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Thread: I have a Sears 1 hp , 2 cylinder compressor.......

  1. #1
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    Default I have a Sears 1 hp , 2 cylinder compressor.......

    that says it puts out 6.8 (s?) cfm at 40 lbs. I want to use Dupont Chroma 1 S/S in Lemans Blue (metallic) on my '69 Corvette. I want a new gun to replace my old Devilbis suction gun that I used on 8 previous paint jobs. All were lacquer except the last one that I did in 1992 that used Chroma base and clear coat. All those prior jobs came out pretty good IMO with the Sears compressor and the Devilbis. Of course, I got tons of paint dust which I'd like to avoid with a new gun but realize most (all) of the new HVLP guns need a lot of air. I've gotten some comments locally to "just use my old gun" but with the cost of paint, I'd like to avoid all that overspray. I have a '85 blazer that I would paint first to "get the feel" of the new gun. Any help will be appreciated in the selection of the new gun, Thanks, Fred

  2. #2
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    Well, I went thru about 12 pages of prior posts and it seems it was a wonder any of my paint jobs came out good with the compressor I'm using. Looks like I need a better (bigger) compressor.

  3. #3
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    That compressor is small even for a non-HVLP gun but if you spray in sections you might get away with it. What happens with a small compressor is that you can get a pressure drop that cause the gun to not atomize as well and the compressor runs a lot that causes it to heat the air and generate more moisture that can show in your paint work.

    I would probably skip HVLP and go with a "reduced pressure" (RP) gun because it will apply the paint more smoothly and consume less air. The most gun for the money is probably the DeVilbiss Plus because it comes with an inlet pressure gauge and three fluid tips and has a great track record.

  4. #4
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    Something to think about a single stage metallic is difficult to spray and control the metallics.
    Base / Clear would be easier IMHO.
    Bitterness of a poor quality job long remains after the sweetness of a low price is forgotten

  5. #5
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    Quote Originally Posted by Polish Painter View Post
    Something to think about a single stage metallic is difficult to spray and control the metallics.
    Base / Clear would be easier IMHO.
    That's for sure. SS is much more likely to have light and dark areas caused by mottling.

  6. #6
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    Quote Originally Posted by Polish Painter View Post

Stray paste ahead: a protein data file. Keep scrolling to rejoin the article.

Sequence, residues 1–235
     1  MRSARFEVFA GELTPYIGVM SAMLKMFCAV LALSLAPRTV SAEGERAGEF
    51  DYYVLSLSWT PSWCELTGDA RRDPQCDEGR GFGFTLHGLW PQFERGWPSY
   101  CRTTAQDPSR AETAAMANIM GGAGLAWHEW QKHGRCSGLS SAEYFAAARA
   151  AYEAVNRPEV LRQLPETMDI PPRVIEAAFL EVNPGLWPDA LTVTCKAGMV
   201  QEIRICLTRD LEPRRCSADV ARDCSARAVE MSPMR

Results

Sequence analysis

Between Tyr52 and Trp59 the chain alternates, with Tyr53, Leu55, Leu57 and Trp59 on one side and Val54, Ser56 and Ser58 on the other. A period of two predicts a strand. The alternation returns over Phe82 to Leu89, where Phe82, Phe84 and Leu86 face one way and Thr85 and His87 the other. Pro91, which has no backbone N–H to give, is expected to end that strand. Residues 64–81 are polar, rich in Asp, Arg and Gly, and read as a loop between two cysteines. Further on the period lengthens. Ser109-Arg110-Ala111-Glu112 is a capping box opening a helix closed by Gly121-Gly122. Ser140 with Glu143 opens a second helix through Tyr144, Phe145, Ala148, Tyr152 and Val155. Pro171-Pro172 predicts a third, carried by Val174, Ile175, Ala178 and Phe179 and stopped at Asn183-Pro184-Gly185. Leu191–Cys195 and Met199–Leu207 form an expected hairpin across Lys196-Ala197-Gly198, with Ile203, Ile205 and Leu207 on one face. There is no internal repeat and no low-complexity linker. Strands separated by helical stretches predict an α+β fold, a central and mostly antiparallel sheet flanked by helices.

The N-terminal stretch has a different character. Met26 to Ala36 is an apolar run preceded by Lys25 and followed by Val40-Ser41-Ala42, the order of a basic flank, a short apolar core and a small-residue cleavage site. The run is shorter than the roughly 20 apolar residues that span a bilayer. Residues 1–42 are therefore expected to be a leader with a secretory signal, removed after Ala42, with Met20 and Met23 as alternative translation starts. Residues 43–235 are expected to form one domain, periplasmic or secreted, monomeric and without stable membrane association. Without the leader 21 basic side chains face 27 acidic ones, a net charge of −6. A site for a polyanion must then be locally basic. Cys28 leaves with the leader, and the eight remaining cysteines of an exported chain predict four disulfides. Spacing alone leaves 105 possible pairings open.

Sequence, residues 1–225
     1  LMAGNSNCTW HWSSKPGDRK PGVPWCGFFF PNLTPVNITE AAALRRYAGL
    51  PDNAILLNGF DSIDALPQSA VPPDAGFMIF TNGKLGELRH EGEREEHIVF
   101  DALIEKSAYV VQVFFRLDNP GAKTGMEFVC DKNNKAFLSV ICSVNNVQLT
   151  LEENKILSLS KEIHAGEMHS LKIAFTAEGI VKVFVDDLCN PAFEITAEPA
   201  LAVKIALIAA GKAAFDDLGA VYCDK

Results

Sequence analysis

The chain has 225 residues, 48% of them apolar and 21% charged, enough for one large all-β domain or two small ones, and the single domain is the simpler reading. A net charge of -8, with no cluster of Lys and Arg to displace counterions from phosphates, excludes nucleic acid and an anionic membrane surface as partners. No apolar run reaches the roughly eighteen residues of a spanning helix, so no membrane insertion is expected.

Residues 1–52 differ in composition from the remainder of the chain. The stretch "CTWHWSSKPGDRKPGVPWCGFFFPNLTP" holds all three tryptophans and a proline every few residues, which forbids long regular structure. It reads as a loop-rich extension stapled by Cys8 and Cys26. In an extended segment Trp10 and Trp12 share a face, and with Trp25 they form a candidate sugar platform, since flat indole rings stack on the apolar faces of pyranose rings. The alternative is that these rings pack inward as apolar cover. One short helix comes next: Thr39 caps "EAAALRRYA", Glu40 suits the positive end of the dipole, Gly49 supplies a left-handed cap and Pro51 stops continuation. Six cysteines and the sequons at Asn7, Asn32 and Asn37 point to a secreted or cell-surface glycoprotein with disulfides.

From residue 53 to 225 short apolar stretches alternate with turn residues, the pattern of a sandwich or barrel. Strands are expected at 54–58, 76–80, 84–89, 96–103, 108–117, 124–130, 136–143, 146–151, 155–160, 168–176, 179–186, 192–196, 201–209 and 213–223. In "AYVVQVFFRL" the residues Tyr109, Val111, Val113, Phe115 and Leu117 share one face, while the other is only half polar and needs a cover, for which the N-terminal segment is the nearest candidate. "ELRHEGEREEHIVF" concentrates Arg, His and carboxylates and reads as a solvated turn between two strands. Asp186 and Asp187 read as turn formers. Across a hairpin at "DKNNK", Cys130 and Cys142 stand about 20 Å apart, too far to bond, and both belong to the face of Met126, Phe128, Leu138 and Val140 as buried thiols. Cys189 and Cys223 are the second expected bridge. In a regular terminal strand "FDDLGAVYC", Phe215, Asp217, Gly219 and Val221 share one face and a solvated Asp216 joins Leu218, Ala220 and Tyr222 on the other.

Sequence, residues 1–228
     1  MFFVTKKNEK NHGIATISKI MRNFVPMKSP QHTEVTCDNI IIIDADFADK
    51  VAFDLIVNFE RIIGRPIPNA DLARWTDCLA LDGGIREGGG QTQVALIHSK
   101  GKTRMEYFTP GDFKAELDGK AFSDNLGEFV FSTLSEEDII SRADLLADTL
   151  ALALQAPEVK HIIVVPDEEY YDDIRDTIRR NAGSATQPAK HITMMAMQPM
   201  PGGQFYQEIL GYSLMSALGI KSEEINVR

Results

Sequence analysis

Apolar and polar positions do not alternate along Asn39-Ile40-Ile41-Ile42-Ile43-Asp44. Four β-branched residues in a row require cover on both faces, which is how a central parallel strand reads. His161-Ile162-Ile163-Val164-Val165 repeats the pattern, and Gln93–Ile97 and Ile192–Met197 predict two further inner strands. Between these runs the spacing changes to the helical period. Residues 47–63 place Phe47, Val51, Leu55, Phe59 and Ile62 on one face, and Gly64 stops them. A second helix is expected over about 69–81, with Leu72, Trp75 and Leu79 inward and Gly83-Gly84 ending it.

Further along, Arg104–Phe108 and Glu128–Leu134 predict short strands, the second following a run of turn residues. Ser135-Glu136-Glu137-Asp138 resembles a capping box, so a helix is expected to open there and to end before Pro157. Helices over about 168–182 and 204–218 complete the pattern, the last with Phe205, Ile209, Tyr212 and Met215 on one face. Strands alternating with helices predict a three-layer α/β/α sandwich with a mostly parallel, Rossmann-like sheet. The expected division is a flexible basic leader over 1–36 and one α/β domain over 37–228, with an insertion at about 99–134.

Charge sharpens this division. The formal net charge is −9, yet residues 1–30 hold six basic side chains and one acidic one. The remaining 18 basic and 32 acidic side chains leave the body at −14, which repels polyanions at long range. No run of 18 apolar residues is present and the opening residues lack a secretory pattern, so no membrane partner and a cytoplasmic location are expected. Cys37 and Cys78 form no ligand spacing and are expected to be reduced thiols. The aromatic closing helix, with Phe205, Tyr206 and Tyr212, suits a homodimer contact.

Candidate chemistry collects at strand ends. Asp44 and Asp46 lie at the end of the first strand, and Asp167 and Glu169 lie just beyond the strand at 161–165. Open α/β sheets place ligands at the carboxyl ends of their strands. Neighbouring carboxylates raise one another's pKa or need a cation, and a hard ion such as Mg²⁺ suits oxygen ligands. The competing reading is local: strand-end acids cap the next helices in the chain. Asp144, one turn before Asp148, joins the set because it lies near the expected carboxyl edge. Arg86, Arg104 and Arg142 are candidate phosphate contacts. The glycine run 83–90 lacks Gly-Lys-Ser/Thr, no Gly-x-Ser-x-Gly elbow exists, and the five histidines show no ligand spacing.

Something to think about a single stage metallic is difficult to spray and control the metallics.
    Base / Clear would be easier IMHO.
    Thanks for your comment. I am aware of this but I really hate the look of clear coat on older cars. It looks wayy out of place IMO. These cars (in my case a 1969 Corvette) should look the way they did "back then" unlike what you normally see at Barrett Jackson for instance.
    Regards, Fred

  7. #7
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    Quote Originally Posted by Len View Post
    That compressor is small even for a non-HVLP gun but if you spray in sections you might get away with it. What happens with a small compressor is that you can get a pressure drop that cause the gun to not atomize as well and the compressor runs a lot that causes it to heat the air and generate more moisture that can show in your paint work.

    I would probably skip HVLP and go with a "reduced pressure" (RP) gun because it will apply the paint more smoothly and consume less air. The most gun for the money is probably the DeVilbiss Plus because it comes with an inlet pressure gauge and three fluid tips and has a great track record.
    Yes, I saw that gun and like the reviews. I'm thinking that because I will have the hood, doors, "flip" convertible lid and the roof all off the car, I should be OK. What is remaining on the "shell" will be fairly small body parts to paint. I still have to do quite a bit of work yet in getting the new motor and trans., and the new top front surround on along with the fenders, it might give me some time to pick up a compressors with a liitle more "beef" than what I have now. I will probably use my old Delvilbiss guns for the primer and Sand Slick, and get the Plus for the top coat. Many thanks all for your replies, Fred.

    ps. info shows the Plus puts out a 12 1/2" spray. Could I make that less? I think I used my old gun at about a 8" fan or so and am not sure if I could get use to 12 1/2". I mean in my situation, I think an 8" fan would give me less waste.
    Last edited by lowmileage; 02-23-2011 at 10:02 AM.

  8. #8
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    You could narrow the fan but it can make the gun more difficult to control and when spraying metallic colors a more narrow pattern can cause stripes (mottling) in the finish.

  9. #9
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    I really hate the look of clear coat on older cars. It looks wayy out of place IMO.